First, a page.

Risk Management Tools

FEMA, <sarcasm> that haven of competence and efficiency we’ve all come to know and love, </sarcasm> has made life even more difficult. It seems their DNS settings were hosed for some time, including lacking a MX record and then not actually having an SMTP server responding on the fema.gov host. Now, it appears that the problem has been fixed, per the following:

    primary name server = ns.fema.gov
    responsible mail addr = root.ns2.fema.gov
    serial  = 2005091501
    refresh = 10800 (3 hours)
    retry   = 3600 (1 hour)
    expire  = 604800 (7 days)
    default TTL = 1800 (30 mins)

which makes sense, as one of the things Farber found was that ns2.fema.gov did in fact respond with an SMTP server. But how long was it broken? More important, what role does (or should) email play in emergency management? The investigation started when the Wall Street Journal reported that other government departments — like the Department of Health — could not reach anyone at FEMA during the response to Hurricane Katrina, as they were attempting to send them needed briefing information, instead the information was kept private, when they should have been protecting our assets. 


If your organization can’t be reached externally via email, whether from incompetence from the system administrators or due to a security incident, what could you be missing? And why wouldn’t you notice yourself?! How does email or other electronic communications figure in your security response plan — what happens when it’s unavailable? Questions we all have to ask ourselves, both in our own organizations and as citizens.


I ran across an article from O’Reilly on ending wars between testers and programmers by Scott Berkun, though why it’s on MacDevCenter is not at all clear to me. The article is actually focused on overall software testing (e.g. quality assurance), but the principles espoused here apply equally well to security planning and testing.

Berkun reviews the typical outlooks of programmers (”given enough time, I can build anything”) and testers (”everything has flaws and I can prove it”). Security folks often have the latter mindset as well, though old-school hackers are really a mix of the two. Polarization typically results in most IT organizations, and Berkun offers a number of suggestions.


First is matching responsibility with authority. This is a common management problem — testers (security or otherwise) are the first to get called on the carpet when something goes wrong, but on the front end their concerns are ignored. Even if there’s an ostensible process, exceptions are frequently made because development is already late. A similar problem exists with system administrators, who are dinged for application downtime even if the application is at fault, including in-house apps. When this disparity exists, the real group at fault is management. Responsibility without authority is just creating a scapegoat and won’t actually do anything to solve the issue at hand or prevent future ones.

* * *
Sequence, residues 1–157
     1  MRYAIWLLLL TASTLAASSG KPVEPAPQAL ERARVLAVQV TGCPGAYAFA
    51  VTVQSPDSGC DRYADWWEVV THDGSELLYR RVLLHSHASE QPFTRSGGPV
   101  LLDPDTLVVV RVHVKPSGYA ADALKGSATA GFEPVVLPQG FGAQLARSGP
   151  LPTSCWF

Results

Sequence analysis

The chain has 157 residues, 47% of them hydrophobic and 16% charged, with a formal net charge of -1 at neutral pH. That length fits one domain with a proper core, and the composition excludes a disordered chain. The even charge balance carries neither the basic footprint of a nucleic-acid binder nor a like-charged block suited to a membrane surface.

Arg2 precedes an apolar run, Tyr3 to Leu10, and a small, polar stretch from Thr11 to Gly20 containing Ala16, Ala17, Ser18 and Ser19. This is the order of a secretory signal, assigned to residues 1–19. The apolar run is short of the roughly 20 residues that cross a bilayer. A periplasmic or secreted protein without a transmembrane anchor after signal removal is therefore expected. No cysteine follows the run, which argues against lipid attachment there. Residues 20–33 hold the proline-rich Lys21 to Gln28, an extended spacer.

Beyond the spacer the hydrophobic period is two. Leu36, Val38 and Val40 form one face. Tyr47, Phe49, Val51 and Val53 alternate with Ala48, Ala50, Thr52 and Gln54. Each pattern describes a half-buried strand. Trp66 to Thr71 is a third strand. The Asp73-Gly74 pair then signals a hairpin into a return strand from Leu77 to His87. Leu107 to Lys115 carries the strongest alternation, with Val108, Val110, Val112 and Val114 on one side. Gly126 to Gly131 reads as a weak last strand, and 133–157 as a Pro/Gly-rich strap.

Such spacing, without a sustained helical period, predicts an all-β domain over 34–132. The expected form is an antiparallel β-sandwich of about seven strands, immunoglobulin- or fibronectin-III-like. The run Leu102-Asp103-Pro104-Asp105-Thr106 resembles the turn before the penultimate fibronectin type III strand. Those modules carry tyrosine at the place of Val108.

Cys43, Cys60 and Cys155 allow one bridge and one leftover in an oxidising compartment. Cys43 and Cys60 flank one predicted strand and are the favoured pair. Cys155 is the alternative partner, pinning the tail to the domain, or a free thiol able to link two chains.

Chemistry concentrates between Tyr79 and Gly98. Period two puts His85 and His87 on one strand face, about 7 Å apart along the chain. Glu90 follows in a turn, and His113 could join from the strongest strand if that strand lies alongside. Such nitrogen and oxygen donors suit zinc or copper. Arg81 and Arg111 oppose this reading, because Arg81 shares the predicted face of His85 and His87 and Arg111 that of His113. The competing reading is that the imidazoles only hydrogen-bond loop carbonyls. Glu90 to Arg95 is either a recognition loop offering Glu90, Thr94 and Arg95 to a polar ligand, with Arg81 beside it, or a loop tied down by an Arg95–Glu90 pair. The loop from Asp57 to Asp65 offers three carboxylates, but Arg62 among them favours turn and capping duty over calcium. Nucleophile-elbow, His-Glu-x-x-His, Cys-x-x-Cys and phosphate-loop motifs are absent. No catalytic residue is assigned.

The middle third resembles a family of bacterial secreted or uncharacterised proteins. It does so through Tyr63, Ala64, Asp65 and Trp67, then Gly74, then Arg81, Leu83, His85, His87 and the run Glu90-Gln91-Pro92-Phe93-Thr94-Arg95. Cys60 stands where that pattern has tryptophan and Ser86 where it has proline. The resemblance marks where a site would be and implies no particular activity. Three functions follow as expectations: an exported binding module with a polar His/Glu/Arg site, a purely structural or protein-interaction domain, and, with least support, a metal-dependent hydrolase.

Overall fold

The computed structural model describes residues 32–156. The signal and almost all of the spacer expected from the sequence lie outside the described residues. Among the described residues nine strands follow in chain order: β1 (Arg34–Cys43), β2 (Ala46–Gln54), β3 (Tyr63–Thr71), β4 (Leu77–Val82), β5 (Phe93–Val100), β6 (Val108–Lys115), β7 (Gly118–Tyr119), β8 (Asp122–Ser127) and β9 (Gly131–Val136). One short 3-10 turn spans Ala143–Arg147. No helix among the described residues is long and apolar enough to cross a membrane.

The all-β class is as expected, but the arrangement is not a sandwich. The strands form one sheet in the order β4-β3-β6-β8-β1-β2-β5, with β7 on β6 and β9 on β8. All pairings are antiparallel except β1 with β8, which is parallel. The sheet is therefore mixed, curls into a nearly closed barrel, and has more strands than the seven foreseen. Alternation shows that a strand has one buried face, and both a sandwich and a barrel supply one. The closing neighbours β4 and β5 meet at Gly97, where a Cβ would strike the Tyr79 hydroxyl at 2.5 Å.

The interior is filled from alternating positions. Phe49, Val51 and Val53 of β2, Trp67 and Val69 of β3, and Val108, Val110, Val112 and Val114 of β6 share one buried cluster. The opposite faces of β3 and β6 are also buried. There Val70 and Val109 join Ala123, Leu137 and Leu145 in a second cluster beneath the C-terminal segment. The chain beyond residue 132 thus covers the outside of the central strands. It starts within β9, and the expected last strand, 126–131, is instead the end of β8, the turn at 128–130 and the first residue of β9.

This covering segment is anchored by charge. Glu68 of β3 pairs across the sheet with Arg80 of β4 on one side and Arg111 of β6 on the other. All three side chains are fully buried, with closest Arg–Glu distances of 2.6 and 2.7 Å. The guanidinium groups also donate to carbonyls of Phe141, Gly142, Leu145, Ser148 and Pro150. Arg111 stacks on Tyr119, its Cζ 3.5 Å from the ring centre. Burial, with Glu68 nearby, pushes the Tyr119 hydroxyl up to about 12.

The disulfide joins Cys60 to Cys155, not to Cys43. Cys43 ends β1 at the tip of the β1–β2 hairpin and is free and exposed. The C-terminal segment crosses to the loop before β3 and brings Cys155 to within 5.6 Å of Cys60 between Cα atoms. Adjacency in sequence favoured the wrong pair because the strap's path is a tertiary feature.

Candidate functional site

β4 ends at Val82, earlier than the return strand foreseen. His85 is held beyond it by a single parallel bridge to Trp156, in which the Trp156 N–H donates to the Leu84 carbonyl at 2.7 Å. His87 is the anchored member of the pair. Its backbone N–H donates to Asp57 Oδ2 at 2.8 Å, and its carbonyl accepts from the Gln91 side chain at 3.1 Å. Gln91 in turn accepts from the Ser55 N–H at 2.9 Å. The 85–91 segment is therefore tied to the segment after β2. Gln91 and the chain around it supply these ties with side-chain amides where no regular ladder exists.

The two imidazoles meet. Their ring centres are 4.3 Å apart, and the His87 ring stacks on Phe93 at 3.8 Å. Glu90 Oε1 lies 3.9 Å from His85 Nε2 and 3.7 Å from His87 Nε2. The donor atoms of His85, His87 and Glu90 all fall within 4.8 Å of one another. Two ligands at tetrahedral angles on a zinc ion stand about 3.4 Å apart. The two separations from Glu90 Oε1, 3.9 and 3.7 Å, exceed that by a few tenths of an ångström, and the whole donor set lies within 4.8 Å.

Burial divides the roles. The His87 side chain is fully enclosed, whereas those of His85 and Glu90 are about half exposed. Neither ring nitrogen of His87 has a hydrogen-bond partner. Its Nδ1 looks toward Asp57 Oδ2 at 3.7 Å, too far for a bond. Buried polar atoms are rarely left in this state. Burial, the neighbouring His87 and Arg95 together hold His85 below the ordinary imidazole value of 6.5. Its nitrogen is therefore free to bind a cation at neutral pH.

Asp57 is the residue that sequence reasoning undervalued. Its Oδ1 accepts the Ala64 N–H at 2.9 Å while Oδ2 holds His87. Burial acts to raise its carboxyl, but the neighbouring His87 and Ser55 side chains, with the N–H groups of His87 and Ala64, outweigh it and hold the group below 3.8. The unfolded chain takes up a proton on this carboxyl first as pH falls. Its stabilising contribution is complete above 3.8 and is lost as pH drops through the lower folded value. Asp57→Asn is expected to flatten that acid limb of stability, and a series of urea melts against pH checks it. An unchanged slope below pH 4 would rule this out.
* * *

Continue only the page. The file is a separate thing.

He also suggests “early partnerships”. In the world of security, this means that security should be brought in as early in the process as possible, a fundamental tenet of security architecture. Again, good design and development practice is not really different between security and quality.


That leads to the third point, defining quality. While the article only offers vague suggestions in this area, he does point out the need for static requirements and test cases. This is a controversy from time immemorial — changing specifications. Technical folks instinctively know this, but management rarely does.


His final point is one of the most interesting: If problems exist, they’re likely caused by leaders. Politics filters down. And the problem isn’t just management, it’s also senior stafff. If lead architects view testing and security with disdain, and senior security staff thinks that the development side of the house doesn’t have a clue, neither group is going to work well with the other. But the individuals in those positions can’t just have technical skills; they need to have gotten As in “plays well with others”.


The article offers some more concrete suggestions in each area, but readers need to flesh it out more. Personally, I’ve believed for a long time that security groups have a lot to learn from established software test and QA practices; this article just reinforces that belief.



Get Secure

Hah! I have embedded HTML in this blog entry that has compromised your system. It’s smart enough to attack multiple platforms (including Windows and Linux) and gives me command-line administrative level access. Don’t believe me? 

Heh. You just lost your privacy.

E-mail: kmax123@mail.com

Fly For A Wifi

While there are lots of dumb ways to secure wireless networks, here are the six dumbest. Read the article, there are a lot more details there.

  1. MAC filtering — if you really thought this was useful, you have no business calling yourself a security admin
  2. SSID hiding — a few more methods to get the SSID are listed here than I knew
  3. LEAP authentication — ditto
  4. Disable DHCP — I had no idea people thought that this was a security mechanism
  5. Antenna placement — He makes some good points but there’s still some value in some environments, I believe
  6. 802.11a/Bluetooth — — same as #4
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